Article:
Basic First Aid Remedies
What to do in emergencies
Everyone at some time has to give first aid, if only for a nosebleed or a minor cut. In more serious situations, prompt and intelligent first aid may save a life and lessen the danger of shock or injury.
Intelligent first aid is based on two things. The first is knowing what to do; the second, knowing what not to do. Anyone can learn the basic points described in this article and should learn them now to be prepared, because first aid is emergency treatment. You cannot stop to read about it when the time comes.
There are four general situations in which immediate aid may save life. They are heavy bleeding, severe shock, stoppage of breathing, and poisoning.
Do not move the victim of a violent accident until you know his kind of injury. If he has broken bones of if he is losing blood, you may harm him more by lifting or carrying him. If his spine is damaged, clumsy handling may cause paralysis or death.
Keep the victim warm. This is the best way to check the severe effects of shock. In cold or damp weather you will have to risk moving him gently to get coverings under him as well as over him. If the victim is conscious speak to him confidently. Do not show him his wounds or injuries because the sight of them might increase the state of shock.
Checking Heavy Bleeding
The average body has less than five quarts of blood. The rapid loss of half this amount always causes death. Even a much smaller loss may be fatal when accompanied by the shock of an accident. The first thing to do is to discover and check heavy bleeding.
Quickly take off or cut away any clothing that hides the wound. If the blood is coming in strong jets, in time with the pumping of the heart, an artery has been punctured or cut. If the flow of the blood is even and steady it is probably coming from a vein.
When Breathing Stops
Accidents and poisons can cause death by blocking the victim's breathing. Among them are drowning, electric shock, suffocation from smoke or gas, and overdoses of narcotics, ether, chloral hydrate, and "sleeping powders." Start artificial respiration at once. The mouth-to-mouth method resuscitation is recommended by the American Red Cross for reviving both children and adults. When used on adults, the victim's nostrils must be hel closed.
Children especially are likely to take poisons accidentally. Poisoning ranks third in the causes of home accidents fatal to children under 14 years of age. Wise parents plainly label and put out of reach such widely known poisons such as rat poison, insecticides, lye, and disinfectants. Many detergents, shampoos, and household polishes also contain poison.
Call a doctor at once if you think someone has swallowed poison. If a doctor is unavailable, call a hospital or the local health department for the location of a poison control center. Then, give the person an emetic - anything that will cause vomiting. Dilute the poison by giving him several glasses of warm water or milk, which act as emetics too. Warm water with salt or baking soda can also be used as emetic. If the person still does not vomit, have him put a finger down his throat or do it for him.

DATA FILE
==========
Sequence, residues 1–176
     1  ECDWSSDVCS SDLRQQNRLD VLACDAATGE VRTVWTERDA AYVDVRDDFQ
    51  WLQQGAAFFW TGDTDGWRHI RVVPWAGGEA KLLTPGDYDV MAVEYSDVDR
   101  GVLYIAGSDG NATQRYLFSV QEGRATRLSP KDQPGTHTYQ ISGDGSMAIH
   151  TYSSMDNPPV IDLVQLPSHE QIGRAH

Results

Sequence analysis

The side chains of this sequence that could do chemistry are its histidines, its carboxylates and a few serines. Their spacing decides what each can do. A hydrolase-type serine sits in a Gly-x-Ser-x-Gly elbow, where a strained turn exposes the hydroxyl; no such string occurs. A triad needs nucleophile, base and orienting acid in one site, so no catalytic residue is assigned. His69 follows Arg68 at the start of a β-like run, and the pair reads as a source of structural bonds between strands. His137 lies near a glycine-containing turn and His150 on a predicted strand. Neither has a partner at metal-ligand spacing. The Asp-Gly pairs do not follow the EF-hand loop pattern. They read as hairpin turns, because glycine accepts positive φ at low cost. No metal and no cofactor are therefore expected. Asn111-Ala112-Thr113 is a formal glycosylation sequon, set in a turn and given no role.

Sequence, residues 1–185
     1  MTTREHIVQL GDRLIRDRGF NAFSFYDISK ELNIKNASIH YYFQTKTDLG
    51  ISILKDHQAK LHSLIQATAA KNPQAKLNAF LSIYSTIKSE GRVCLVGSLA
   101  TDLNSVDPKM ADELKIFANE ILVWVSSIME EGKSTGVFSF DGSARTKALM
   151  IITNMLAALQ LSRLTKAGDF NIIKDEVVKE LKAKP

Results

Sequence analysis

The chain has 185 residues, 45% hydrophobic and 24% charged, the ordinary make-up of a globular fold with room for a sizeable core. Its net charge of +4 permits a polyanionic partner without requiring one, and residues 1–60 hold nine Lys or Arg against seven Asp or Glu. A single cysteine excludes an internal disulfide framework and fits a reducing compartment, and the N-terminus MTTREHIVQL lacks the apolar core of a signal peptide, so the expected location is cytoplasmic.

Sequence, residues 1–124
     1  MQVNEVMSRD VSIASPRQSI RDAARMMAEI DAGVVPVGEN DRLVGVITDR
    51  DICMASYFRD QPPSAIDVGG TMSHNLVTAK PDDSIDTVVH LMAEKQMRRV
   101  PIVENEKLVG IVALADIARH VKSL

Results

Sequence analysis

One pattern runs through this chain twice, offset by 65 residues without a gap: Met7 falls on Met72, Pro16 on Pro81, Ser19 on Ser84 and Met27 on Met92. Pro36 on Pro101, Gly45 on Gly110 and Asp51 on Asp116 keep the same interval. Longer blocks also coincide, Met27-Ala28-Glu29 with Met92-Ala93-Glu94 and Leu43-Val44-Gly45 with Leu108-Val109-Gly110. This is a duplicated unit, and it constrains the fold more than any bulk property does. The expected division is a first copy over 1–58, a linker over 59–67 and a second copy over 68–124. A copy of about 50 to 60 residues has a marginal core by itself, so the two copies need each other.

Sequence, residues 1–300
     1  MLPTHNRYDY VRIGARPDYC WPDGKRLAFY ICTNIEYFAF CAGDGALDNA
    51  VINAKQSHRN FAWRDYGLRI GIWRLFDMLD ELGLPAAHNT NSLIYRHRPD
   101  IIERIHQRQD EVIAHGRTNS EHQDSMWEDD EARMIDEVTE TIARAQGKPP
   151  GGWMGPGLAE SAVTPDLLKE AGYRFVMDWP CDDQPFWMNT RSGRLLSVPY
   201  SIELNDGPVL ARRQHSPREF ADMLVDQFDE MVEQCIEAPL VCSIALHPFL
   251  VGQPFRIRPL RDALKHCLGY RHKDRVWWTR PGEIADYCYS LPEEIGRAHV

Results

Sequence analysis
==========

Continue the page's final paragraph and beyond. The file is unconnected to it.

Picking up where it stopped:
Shock and Treatment of Shock
In the state of shock all bodily functions slow down as a result of the slowing down of the circulation of blood. Nearly every injury causes some degree of shock. Severe shock can cause death.
The symptoms of shock are a pale face, cold or clammy skin, weak but false pulse, and irregular breathing. Often the patient is nauseated. These symptoms may not appear for several hours. Do not wait if the injury is at all serious. Treat for shock at once.
The first thing is to prevent loss of body heat. Lift the patient carefully to place coverings over and under him. Use whatever you have - blankets, coats, newspapers. You may also add artificial, such as hot-water bottles or heated stones or salt bags. Put them at the feet and beside and between the legs. You must be cautious about the temperature, because a person in shock burns very easily. Test the heat with your wrist, then wrap the container before applying it. Never put directly on the person's skin. Keep him warm but not hot enough to sweat heavily.
Sunstroke and Heat Exhaustion
When a person collapses from heat, examine him most carefully. He may have sunstroke (also called heat stroke) or heat exhaustion (also called heat prostration). The right treatment for the one would probably be fatal for the other.
Despite its name, sunstroke may occur without direct exposure to the sun. The stroke usually begins with headache, dizziness, and dry mouth. The skin is dry, face flushed and hot, pulse fast and hard. The victim may fall unconscious or become delirious. Cool him off at once. Elevate the head and shoulders slightly, then pour cold water on the head and body. If possible, wrap him in a sheet and drench it with cold water or plunge him into a tub of cold water. Apply ice bags to his head. Rub the legs and arms up toward the heart. Give him cool drinks but no stimulant.
In heat exhaustion the face is pale and sweaty. The body may feel cold and the head warm. The pulse is weak and breathing is shallow. Keep the patient warm and treat for shock. A major cause of heat exhaustion is loss of salt from the body through very heavy sweating. Give the patient salt in small amounts.
If you want to learn more about first aid, you can read the American Red Cross First Aid Textbook.